There was once a pair of acrobats. The teacher was a poor widower and the student was a young girl by the name of Meda. These acrobats performed each day on the streets in order to earn enough to eat.
Their act consisted of the teacher balancing a tall bamboo pole on his head while the little girl climbed slowly to the top. Once to the top, she remained there while the teacher walked along the ground.
Both performers had to maintain complete focus and balance in order to prevent any injury from occurring and to complete the performance. One day, the teacher said to the pupil:
‘Listen Meda, I will watch you and you watch me, so that we can help each other maintain concentration and balance and prevent an accident. Then we’ll surely earn enough to eat.’
But the little girl was wise, she answered, ‘Dear master, I think it would be better for each of us to watch ourself. To look after oneself means to look after both of us. That way I am sure we will avoid any accidents and earn enough to eat.’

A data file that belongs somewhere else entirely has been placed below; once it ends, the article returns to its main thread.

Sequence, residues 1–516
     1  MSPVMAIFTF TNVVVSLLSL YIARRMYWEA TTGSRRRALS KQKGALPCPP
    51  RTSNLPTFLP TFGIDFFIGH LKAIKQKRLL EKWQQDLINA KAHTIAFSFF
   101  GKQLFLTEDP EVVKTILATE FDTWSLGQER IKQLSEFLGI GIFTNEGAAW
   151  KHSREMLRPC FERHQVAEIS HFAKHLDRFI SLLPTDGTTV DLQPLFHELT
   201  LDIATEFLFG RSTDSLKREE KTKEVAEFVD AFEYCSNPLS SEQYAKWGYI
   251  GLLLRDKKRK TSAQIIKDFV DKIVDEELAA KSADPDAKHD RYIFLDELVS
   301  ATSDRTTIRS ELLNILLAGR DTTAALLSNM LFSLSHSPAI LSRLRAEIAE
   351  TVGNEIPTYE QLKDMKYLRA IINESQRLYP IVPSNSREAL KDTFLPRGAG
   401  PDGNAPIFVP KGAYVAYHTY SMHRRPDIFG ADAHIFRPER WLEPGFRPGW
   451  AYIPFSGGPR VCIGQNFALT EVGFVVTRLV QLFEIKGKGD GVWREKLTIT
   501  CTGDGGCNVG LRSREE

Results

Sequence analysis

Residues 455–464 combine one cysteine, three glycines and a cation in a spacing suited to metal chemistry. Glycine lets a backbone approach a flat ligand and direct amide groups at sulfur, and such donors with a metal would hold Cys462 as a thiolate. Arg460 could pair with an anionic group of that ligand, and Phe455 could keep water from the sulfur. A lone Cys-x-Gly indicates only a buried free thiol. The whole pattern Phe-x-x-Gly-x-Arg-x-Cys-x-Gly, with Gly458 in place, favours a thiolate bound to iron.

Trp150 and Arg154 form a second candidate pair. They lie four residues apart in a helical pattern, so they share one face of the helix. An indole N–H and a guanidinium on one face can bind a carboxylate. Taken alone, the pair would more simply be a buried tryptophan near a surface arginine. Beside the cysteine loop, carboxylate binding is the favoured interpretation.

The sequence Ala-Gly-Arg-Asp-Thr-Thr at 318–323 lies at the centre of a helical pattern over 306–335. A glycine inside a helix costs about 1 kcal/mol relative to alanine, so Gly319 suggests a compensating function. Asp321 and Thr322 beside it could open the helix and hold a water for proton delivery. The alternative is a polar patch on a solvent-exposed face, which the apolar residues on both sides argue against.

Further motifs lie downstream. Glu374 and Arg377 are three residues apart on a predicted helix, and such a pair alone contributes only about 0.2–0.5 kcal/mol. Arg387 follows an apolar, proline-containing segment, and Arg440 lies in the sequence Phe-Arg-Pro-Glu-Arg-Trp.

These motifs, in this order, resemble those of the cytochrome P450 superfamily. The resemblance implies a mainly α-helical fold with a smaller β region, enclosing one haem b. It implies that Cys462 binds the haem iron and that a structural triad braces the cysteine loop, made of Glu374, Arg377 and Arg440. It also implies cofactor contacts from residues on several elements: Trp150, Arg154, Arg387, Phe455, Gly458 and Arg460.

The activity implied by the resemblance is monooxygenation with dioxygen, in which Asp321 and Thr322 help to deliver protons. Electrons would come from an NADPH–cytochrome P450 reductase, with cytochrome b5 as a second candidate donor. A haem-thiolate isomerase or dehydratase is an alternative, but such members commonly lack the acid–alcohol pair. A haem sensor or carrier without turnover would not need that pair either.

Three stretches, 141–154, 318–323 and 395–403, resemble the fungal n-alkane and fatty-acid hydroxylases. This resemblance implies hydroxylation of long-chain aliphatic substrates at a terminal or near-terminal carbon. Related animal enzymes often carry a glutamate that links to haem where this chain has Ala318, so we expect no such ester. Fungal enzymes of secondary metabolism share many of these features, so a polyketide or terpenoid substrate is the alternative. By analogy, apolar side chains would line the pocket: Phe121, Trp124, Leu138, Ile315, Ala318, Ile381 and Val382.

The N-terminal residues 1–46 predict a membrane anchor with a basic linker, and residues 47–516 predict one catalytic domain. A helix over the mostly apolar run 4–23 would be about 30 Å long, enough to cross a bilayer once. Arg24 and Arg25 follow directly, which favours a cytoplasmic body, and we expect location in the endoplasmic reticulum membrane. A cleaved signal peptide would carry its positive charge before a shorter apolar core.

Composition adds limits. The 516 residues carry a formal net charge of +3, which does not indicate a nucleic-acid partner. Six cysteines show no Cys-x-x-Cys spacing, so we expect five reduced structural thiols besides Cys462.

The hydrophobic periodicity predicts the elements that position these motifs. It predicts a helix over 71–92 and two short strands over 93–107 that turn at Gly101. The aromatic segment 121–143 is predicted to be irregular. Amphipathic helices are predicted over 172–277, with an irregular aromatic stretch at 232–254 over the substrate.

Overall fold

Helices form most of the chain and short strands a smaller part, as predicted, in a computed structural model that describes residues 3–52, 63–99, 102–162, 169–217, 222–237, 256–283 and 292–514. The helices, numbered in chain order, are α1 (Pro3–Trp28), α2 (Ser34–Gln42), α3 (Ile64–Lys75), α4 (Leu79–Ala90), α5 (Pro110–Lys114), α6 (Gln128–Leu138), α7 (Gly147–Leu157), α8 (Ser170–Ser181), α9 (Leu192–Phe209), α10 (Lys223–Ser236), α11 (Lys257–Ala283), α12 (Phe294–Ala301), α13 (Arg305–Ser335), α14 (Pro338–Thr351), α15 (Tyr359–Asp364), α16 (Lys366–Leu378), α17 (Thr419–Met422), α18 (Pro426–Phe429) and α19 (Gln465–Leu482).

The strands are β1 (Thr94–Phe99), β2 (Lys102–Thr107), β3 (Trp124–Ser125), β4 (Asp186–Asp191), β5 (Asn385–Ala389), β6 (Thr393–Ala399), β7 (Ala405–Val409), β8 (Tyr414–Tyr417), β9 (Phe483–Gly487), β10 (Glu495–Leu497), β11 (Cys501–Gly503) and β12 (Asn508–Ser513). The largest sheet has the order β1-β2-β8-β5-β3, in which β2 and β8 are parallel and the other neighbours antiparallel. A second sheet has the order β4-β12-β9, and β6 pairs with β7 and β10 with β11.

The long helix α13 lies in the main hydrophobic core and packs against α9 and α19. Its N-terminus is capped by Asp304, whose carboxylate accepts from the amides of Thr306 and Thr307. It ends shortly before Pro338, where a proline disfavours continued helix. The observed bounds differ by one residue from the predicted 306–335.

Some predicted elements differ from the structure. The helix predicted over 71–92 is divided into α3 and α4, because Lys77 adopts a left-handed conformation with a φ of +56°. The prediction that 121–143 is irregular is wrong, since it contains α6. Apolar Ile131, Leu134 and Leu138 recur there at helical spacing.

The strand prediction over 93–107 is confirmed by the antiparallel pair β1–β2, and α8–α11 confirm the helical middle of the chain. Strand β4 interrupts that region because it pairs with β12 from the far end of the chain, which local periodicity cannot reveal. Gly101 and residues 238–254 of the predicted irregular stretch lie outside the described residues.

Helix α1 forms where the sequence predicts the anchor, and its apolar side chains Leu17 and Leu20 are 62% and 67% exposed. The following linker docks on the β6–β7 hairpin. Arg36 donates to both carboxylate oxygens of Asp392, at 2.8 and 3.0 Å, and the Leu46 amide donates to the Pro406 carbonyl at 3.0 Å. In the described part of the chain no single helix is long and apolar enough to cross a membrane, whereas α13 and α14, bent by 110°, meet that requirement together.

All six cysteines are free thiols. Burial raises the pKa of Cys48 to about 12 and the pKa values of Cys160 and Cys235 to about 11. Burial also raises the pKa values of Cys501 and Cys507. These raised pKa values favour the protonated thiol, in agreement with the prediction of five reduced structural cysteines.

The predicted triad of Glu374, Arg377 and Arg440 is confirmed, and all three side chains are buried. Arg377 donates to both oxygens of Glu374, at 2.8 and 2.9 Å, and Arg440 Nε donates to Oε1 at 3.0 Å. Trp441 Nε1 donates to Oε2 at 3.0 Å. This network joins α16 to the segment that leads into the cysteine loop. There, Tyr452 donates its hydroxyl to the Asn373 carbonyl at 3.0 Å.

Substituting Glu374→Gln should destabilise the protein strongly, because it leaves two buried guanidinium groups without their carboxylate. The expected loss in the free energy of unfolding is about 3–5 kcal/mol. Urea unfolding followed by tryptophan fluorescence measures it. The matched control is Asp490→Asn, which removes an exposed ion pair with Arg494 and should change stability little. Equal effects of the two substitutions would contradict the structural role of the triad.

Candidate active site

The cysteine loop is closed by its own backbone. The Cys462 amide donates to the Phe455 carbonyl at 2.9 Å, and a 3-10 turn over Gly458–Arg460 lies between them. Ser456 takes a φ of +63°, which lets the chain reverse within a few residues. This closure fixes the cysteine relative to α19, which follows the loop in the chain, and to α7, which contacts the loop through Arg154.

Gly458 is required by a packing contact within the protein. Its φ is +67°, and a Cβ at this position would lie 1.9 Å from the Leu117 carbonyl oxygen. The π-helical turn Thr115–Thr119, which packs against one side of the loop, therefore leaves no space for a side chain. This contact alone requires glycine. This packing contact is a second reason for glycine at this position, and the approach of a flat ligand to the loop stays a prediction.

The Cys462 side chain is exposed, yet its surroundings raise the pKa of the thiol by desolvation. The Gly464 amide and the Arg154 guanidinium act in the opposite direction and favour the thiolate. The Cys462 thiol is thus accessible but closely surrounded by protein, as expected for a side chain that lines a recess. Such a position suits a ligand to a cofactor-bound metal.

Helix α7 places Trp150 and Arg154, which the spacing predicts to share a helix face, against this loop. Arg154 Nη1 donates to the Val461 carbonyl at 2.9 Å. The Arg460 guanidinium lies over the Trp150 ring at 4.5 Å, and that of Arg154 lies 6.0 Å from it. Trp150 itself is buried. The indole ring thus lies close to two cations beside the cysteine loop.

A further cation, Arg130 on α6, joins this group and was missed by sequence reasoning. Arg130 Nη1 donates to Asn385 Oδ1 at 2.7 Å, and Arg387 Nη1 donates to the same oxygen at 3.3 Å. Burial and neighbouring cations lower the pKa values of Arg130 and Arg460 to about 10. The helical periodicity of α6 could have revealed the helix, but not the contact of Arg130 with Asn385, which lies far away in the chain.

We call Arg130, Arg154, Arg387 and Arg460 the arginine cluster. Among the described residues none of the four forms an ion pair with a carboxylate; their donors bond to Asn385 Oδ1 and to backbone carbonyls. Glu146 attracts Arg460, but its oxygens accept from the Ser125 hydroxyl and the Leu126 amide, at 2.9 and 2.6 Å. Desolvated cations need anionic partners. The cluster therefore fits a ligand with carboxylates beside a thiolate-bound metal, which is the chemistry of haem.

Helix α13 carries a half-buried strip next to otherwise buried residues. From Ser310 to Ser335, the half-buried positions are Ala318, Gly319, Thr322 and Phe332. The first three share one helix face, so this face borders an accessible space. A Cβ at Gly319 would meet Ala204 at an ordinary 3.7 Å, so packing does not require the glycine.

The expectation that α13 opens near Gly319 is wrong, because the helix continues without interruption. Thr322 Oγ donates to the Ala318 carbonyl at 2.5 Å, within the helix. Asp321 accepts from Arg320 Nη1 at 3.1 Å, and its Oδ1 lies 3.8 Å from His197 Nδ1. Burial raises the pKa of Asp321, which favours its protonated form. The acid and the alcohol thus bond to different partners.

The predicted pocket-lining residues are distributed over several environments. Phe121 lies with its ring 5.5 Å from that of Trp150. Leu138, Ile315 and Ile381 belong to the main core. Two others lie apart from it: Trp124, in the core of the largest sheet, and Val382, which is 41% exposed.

Explanation: This one isn’t a specifically Zen story, but it’s said to have been told by the Buddha himself. This story is meant to illustrate that taking care of yourself is the most important thing you can do to take care of others.
By learning how to nourish your mind and body you’ll naturally begin to treat those around you with more compassion, love, and kindness and create a more positive impact on the world around you as a whole. There is no division, taking care of yourself (in a spiritual sense, not in a material “buy myself things” kind of sense) equals taking care of others.
Specifically, by taking care of yourself, the Buddha was referring to mindfulness. The Buddha also said that by taking care of others, by showing them compassion and loving-kindness, we take care of ourselves.